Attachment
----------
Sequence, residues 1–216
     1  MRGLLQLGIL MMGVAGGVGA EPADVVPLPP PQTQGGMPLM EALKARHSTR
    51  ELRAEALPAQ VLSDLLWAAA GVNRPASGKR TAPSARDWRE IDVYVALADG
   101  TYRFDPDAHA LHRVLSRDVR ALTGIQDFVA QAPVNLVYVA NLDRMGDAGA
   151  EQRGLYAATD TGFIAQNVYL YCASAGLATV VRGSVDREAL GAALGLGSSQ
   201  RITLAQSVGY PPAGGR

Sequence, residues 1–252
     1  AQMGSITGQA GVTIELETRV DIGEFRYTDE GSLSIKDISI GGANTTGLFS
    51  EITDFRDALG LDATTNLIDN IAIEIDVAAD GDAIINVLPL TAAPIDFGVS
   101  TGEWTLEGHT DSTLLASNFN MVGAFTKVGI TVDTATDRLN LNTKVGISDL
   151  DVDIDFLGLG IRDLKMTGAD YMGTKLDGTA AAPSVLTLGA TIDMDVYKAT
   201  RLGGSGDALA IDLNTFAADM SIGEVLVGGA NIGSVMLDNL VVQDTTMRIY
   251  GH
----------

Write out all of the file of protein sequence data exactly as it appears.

Sequence, residues 1–216
     1  MRGLLQLGIL MMGVAGGVGA EPADVVPLPP PQTQGGMPLM EALKARHSTR
    51  ELRAEALPAQ VLSDLLWAAA GVNRPASGKR TAPSARDWRE IDVYVALADG
   101  TYRFDPDAHA LHRVLSRDVR ALTGIQDFVA QAPVNLVYVA NLDRMGDAGA
   151  EQRGLYAATD TGFIAQNVYL YCASAGLATV VRGSVDREAL GAALGLGSSQ
   201  RITLAQSVGY PPAGGR

Sequence, residues 1–252
     1  AQMGSITGQA GVTIELETRV DIGEFRYTDE GSLSIKDISI GGANTTGLFS
    51  EITDFRDALG LDATTNLIDN IAIEIDVAAD GDAIINVLPL TAAPIDFGVS
   101  TGEWTLEGHT DSTLLASNFN MVGAFTKVGI TVDTATDRLN LNTKVGISDL
   151  DVDIDFLGLG IRDLKMTGAD YMGTKLDGTA AAPSVLTLGA TIDMDVYKAT
   201  RLGGSGDALA IDLNTFAADM SIGEVLVGGA NIGSVMLDNL VVQDTTMRIY
   251  GH